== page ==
March 16th, 2005


Please enjoy past-shape future with tradicompo!

For a while now I've been dreaming of a past-shaped future in which traditional crafts and computer technology are fused. I think these visions may have started when I visited Japan for the first time in 1992, and felt I was simultaneously in the renaissance and the 21st century. Soon my ideal image of the future was the sixteenth century... with robots! Shakespeare's London... with Playstations! Floating world Japan... with video games! Since 1999, this vision has rung through my music, which has mixed medieval sounds with electronics. For Kahimi Karie's Journey to the Centre of Me record I went to the newly-reconstructed Globe theatre and asked to be introduced to the musicians who make the music for the Shakespeare plays there. They put me in touch with Bill Lyons and the Dufay Collective. I mixed their sounds with electronics. In the US I put two promising young musicians together and forced them, at musket-point, to make 8 bit madrigals. The result was Shakestation by The Super Madrigal Brothers.

So I was very excited to discover, in the follow-up discussion to yesterday's entry about the paper metaphor in computer games, that Masaya Matsuura, creator of Parappa the Rapper, went on to make a retro-futuristic trad Japanese-themed game featuring a calligrapher-rapper called Mojibri. Mojib Ribon was released in late 2003. I've never played it, but you can see a short movie here. The music sounds great!

Gamespot describes the gameplay like this:

"Like Vib-Ribon, you have a cute little guy running along a line and you're asked to tap out a rhythm based on the line's content -- but instead of music, you're tapping out, or writing down, Japanese kana characters. The game's got a bunch of built-in Japanese passages and tiny stories (written by writer/comedian Seiko Ito), and you choose one before writing... In Mojib-Ribon, you play as the main character Mojibri, who keeps walking on a ring of clouds that continually loop from the right to left. The objective of the game is for you to control Mojibri and write rap lyrics on the clouds by using a large, Asian-style calligraphy pen that's depicted onscreen. Each stage consists of a number of cloud rings, upon which Mojibri can jump from one to the next when all the lyrics are written. The clouds keep on looping, so you can always come back to a lyric if you miss it on the first pass. Once you successfully write down the lyrics, Mojibri will sing along (through a synthetic-synthesized voice)."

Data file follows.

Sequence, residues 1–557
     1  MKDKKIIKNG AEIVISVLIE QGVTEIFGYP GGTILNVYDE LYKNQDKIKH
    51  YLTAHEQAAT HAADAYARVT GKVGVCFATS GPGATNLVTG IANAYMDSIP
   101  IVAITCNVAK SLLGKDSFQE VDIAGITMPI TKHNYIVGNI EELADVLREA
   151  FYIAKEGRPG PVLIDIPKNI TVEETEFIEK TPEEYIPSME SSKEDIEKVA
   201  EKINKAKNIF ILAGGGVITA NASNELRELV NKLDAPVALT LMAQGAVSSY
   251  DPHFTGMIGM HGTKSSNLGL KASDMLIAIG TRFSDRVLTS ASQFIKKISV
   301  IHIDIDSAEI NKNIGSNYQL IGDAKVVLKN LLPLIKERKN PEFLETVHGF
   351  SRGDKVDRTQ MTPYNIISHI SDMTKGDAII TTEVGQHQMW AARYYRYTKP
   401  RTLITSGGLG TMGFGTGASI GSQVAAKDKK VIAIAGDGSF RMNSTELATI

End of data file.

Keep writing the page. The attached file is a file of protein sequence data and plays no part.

It doesn't sound unlike Lute Score, "the video game where you hit the high score by composing lute scores..."! The synthesised voice GameSpot mentions is generated by a program called Hypervoice, developed by NTT-IT for use in PS2 games. Game Science explains: "The software can convert inputted text into spoken words with accents, pronunciation, as well as having both male and female voices. The Linux-based sofware is designed so that developers can quickly and efficiently create spoken output. The program files, sound dictionary and Japanese dictionary (including 200,000 words) occupy 50 megabytes of disc space, with the voices being sampled at 22kHz. The package sells for 300,000 yen."

It's thanks to this software that Mojibri can rap the texts that you enter with your calligraphy brush. (The program is also used in Kumauta, a very popular PS2 game in which you have to teach a polar bear to sing Enka songs. It's apparently screamingly funny, because you can make the bear sing absolutely anything, then watch him in a TV talent show getting rated and reacting accordingly.)

You don't need a Playstation to enjoy tradicompo, though. Hokusai Manga Construction Kit is a Flash-based drawing game based on the wood-block prints of ukiyo-e artist Hokusai (1760-1849). You can place pre-drawn elements -- popular actors from the Floating World, courtesans, houses, bridges, mountains, letters -- and make your own mangas. Just click the red letters at the lower left to begin, then switch palettes by clicking on the black letters top left. Place the elements by dragging them to the picture area, then use the pop-up menu to colour them red or black, flip them over, increase or decrease their size, or erase them. Please enjoy past-shape future with tradicompo!